Wireless operator Benjy Lukin’s ambition to be part of the film industry leads him into an unhappy marriage with an aspiring film actress whose enticing attitude of ‘rustle and froth and languor, was an invitation to break all the Commandments’. By chance he meets a woman who seems the exact opposite of his wife – cultured, intellectual and serious – but with it comes a conflict between love and duty.
Navigator Tom Cookson’s memories are of an eventful voyage from New Zealand through stormy seas with his friend Dick in a yacht they built together. The level of detail about the process of building the boat suggests the author was as knowledgeable about boats and seamanship as he was about aircraft and flying. One of the most memorable scenes is an encounter described as ‘a glimpse of the eternal struggle for existence among the giants of the ocean’.
In what for me was the most touching section of the book, rear-gunner Nobby Bligh’s thoughts are directed towards his wife Sally. He recalls joyful moments from their courtship, wedding and honeymoon. However, as he observes, ‘The Valley of the Shadow is narrow: men and women walk that path alone’. Like many, personal loss becomes the motivation for him to enlist. When asked why he’s volunteering he responds, ‘To get behind a gun… and the quicker the better’.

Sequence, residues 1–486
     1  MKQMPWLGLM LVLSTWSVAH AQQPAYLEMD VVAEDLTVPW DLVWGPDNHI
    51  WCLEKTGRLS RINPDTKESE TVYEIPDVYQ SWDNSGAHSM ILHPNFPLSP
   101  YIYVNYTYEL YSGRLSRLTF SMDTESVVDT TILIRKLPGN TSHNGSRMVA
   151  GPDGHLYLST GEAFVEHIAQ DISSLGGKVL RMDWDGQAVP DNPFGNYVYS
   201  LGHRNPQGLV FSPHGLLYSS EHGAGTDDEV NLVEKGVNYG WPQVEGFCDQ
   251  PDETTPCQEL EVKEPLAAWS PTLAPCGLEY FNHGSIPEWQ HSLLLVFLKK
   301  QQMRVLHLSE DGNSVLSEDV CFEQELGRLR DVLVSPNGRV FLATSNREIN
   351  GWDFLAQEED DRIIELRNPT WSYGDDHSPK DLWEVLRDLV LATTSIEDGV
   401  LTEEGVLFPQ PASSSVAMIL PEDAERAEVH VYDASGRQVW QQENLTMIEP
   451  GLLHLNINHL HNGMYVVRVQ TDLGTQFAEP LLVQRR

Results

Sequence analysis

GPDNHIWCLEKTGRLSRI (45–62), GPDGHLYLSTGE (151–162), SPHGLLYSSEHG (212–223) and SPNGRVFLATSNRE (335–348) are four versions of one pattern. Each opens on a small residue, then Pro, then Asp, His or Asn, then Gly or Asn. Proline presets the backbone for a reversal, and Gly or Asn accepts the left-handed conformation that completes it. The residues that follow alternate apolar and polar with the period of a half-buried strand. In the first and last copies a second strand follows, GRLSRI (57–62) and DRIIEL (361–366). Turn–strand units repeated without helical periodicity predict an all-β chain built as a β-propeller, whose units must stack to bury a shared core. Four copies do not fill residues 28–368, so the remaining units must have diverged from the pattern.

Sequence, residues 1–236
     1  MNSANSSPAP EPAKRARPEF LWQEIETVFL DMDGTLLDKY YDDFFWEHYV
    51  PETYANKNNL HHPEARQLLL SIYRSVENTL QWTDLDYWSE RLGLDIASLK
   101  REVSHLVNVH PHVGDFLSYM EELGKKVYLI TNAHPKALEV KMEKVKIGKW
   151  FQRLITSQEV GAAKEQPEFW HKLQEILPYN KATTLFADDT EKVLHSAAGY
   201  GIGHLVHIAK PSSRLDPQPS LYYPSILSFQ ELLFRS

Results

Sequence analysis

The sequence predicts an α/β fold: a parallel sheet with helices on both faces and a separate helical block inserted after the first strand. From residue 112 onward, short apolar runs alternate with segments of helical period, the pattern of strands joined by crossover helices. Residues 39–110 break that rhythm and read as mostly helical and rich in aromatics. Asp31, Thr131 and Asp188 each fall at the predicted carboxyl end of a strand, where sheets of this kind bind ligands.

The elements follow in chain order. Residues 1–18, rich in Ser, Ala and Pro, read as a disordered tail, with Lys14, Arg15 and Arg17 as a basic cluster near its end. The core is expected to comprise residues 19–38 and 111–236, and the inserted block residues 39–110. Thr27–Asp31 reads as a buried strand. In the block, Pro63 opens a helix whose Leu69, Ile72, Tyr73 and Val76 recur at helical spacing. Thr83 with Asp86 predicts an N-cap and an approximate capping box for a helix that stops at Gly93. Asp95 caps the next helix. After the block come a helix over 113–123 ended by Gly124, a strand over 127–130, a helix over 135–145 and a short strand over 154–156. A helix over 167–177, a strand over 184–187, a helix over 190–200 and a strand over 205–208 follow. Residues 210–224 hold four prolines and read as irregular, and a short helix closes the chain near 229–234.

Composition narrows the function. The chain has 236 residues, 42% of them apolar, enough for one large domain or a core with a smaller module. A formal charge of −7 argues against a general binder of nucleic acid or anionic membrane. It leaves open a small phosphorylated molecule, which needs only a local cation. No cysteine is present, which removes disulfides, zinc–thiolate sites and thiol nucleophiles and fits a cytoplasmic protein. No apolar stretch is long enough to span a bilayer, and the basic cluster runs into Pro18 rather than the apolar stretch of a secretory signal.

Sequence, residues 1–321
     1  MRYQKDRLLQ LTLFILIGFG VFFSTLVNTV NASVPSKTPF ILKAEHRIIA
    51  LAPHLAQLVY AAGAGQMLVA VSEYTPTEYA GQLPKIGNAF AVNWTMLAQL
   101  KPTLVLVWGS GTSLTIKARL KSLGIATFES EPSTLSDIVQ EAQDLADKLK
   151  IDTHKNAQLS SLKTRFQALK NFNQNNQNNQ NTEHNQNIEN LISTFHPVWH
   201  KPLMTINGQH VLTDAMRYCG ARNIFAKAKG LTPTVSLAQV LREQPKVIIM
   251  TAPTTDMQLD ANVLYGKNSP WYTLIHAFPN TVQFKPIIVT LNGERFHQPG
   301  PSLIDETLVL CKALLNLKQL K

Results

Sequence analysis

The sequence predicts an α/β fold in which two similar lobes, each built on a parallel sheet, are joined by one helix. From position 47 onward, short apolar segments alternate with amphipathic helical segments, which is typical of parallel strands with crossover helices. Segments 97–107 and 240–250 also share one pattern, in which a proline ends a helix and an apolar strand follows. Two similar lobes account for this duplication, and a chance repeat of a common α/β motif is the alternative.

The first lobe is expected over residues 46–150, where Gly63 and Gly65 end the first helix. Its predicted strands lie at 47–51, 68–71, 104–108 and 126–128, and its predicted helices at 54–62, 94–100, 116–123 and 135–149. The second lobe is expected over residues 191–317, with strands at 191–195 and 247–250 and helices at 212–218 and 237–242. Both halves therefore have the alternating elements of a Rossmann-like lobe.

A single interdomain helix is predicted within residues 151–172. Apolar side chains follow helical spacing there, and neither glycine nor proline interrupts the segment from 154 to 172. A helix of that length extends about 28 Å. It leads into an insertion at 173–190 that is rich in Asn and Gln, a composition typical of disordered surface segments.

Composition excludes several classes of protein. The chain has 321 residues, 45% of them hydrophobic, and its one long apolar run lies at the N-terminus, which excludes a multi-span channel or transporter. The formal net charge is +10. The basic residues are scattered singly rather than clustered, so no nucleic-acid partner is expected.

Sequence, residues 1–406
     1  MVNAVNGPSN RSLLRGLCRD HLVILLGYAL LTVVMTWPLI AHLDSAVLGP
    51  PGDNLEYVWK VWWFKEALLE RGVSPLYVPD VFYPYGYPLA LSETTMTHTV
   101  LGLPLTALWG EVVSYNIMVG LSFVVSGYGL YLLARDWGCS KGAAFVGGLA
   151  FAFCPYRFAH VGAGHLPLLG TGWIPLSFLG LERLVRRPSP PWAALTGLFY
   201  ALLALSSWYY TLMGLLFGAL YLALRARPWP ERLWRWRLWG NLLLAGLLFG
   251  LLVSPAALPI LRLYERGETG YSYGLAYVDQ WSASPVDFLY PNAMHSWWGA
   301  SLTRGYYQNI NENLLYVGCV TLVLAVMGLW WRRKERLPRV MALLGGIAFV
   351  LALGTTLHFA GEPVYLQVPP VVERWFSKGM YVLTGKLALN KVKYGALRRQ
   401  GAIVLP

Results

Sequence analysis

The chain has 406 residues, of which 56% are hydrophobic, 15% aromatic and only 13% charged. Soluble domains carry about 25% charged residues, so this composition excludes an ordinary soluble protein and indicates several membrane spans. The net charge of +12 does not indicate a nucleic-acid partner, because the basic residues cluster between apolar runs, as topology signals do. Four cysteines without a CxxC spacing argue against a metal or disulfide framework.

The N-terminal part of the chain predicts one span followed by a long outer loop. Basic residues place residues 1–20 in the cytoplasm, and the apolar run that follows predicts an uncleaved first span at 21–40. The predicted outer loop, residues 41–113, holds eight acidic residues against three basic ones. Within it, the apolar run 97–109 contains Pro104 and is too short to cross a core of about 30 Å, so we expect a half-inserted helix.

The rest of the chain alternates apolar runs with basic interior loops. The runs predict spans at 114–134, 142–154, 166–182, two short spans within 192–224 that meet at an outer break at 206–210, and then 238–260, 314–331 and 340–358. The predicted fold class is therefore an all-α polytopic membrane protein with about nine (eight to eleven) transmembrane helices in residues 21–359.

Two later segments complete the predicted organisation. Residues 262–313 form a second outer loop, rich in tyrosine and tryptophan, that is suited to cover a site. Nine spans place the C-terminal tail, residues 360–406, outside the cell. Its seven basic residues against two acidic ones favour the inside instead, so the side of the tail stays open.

Throughout the book, the author makes occasional diversions to ponder on the nature of courage, the ‘Blitz spirit’ of Londoners and the universal desire for freedom. In the section from the point of view of Hugh Thornly, this becomes more like a lecture (albeit a very cogently argued one) reflecting, I suspect, many of the author’s own views on national identity, the consequences of developments in scientific knowledge and globalisation. Although this was the least successful part of the book for me, the author could have been writing about the current pandemic when he has Hugh observe, ‘Everybody behaves well in an emergency: the difficulty is to get them to do so when there is no emergency’. Quite.
The disparate stories of the crew come back together in the penultimate chapter as ‘P for Pathfinder’ nears its objective and each man is fully engaged in carrying out their role to the best of their ability. As it turns out, they will need to go far beyond their allotted roles.
Pathfinders is both a glimpse into one eventful night during the Second World and an exploration of the human spirit.
In three words: Intimate, insightful, evocative
Try something similar: There’s No Story There & Other Wartime Writing by Inez Holden
About the Author
Cecil Lewis (1898 – 1997) was a British fighter ace in the First World War and his memoir Sagittarius Rising became a classic of the literature from that war, considered by many to be the definitive account of aerial combat. He was a flying instructor for the RAF during the Second World War where he taught hundreds of pilots to fly, including his own son.
After the war he was one of the founding executives of the BBC and enjoyed friendships with many of the creative figures of the day, including George Bernard Shaw, winning an Academy Award for co-writing the 1938 film adaptation of Shaw’s Pygmalion. He had a long and varied career but retained a passion for flying all his life. In 1969 he sailed a boat to Corfu where he spent the remainder of his life, dying two months short of his 99th birthday. He was the last surviving British fighter ace of the First World War.